Lasagna

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Lasagna

Three lasagna trays ready to be baked in the oven

Lasagna

a piece of delicious lasagna

I like to refer to Lasagna as the “secret weapon” pasta; that is to say, it’s easy to prepare, freezes well, and seems to be a perennial favorite (thus you can make and consume it often!).  And as Wisegeek.com suggests, the history of the name lasagna is also very interesting.  The word lasagna is derived from the Greek lasanon, which is translated as “chamber pot.”  The Romans borrowed the word to refer to cooking pots of a similar shape, and at some point the word came to be used to refer to the noodles which were traditionally layered in a lasanum, a Roman lasagna dish.

Out version of lasagna includes flat lasagna pasta (no ridges, per the Italian standard), tomato sauce (click here for my homemade recipe) with a bit of meat (pork and beef), ricotta (click here to learn how to make ricotta at home), mozzarella, and grated Parmigiano-Reggiano (see my guide to cheese).  Some recipes call for Béchamel sauce but adding the sauce seems like an unnecessary ingredient and task, so like most Italian dishes, keep it simple.  Note we’ve recieved some negative feedback on not including Béchamel sauce in our lasagna recipe so we suggest you go with the method that yields the best results for you.

You can prepare your dry pasta in a separate pot or use dry lasagna pasta that cooks via the moisture in the baking dish.  Rustichella makes a great lasagna pasta.

Lasagna is also #68 on the Scordo Pasta Challenge - the challenge marches on!

Lasagna
 
Prep time

Cook time

Total time

 

Cook:
Serves: 4-6

Ingredients
  • 1 pound of fresh mozzarella
  • 6-7 cups of tomato sauce
  • 2-3 cups of fresh ricotta
  • Grated Parmigiano-Reggiano (see my guide to cheese)
  • A small amount of ground beef and/or pork sauteed in olive oil prior to inclusion in dish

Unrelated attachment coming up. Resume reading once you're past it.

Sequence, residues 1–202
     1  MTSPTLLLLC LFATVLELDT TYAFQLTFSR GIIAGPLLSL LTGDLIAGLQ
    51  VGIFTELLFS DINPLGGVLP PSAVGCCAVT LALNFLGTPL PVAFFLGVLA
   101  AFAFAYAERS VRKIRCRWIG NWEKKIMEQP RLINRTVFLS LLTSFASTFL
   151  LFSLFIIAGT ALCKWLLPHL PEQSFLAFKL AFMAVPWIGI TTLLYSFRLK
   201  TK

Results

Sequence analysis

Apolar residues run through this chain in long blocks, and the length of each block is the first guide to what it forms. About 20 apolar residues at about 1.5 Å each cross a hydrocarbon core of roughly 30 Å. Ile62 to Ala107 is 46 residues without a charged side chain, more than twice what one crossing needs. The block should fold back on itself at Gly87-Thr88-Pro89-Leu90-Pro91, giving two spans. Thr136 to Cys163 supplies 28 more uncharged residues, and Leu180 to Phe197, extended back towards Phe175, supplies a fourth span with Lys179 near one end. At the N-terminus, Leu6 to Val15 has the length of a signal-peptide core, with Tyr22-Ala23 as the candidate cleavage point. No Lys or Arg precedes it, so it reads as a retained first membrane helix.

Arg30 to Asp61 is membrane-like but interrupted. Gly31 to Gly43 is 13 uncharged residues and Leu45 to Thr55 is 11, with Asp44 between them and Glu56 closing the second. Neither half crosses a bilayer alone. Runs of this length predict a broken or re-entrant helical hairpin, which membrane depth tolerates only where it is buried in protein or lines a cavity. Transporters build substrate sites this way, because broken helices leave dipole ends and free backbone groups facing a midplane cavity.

• 1 box of flat (no ridge) dry lasagna

Process
  1. Cook the pasta per the instructions on the box and place the pasta on the bottom of a pan, then add sauce, mozzarella, grated cheese, ricotta, and ground meat.
  2. Repeat until your ingredients run out! Note: the top layer should be the sauce with a bit of grated cheese, if you’d like.
  3. Place aluminum foil over baking dish and bake in oven at 375°F for 40 minutes.
  4. The ideal lasagna should be about the right combination of pasta, tomato sauce, and cheeses and not simply a cheese bomb!

lasagna

Three trays of lasagna ready to be baked in the oven

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  • http://italianmamachef.wordpress.com Michelle @ Italian Mama Chef

    I recently made crock pot lasagna and it turned out great! I also made it with the bechamel sauce for the first time and since I used the slow cooker, it was a wise move to add it in. The white sauce added in an extra bit of moisture.
    Since lasagna is so easy I just don’t see why people say it’s so hard to make. They must not be Italian!
    http://italianmamachef.wordpress.com/recipes/crock-pot-lasagna/

  • http://www.lasagna-recipe.com/ lasagna

    This is my favorite dish to make, basically because it’s my kids’ favorite, too. And I find it really easy to make, contrary to some people’s impression about lasagna. I even have lasagna recipes that I call budget lasagnas and those which falls to my category of fancy lasagnas. To be quite frankly, it can be so versatile you can do whatever you want with it. I’ve tried crockpot lasagna as well just like Michelle. It’s perfect on a really busy night or on manic Mondays. :)

  • http://www.scordo.com/2010/04/recipe-how-to-make-ricotta-at-home-recipe-cheese.html Italian Food and Recipes – Scordo.com

    Recipe: How to Make Ricotta at Home

    (photo: courtesy of Dr. K) My first memory of ricotta wasn’t pleasant.  I remember thinking that the cheese was tasteless and had a consistency of something akin to white mud rather than some wonderful food concoction.  Fast forward about 20…

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    Carnevale in Italia

    (photo: Carnevale in Reggio Calabria, thanks to Demetrio Bruno for the photo)Carnevale, which means “farewell to meat”, is celebrated throughout the world including in the United States (known as Mardi Gras) and Italy.  Carnevale usually takes pl…

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  • Alan Marro

    Hey Vince…I’m making your lasagna for Christmas day, it closely resembles the recipe from my mom (which I can’t find) Yours looks awesome! Thanks & Merry Christmas!

  • Gloria

    lasagna isn’t hard to make. It is a little time consuming. I always make enough to freeze. If I want meatballs or sausages they are made on the side……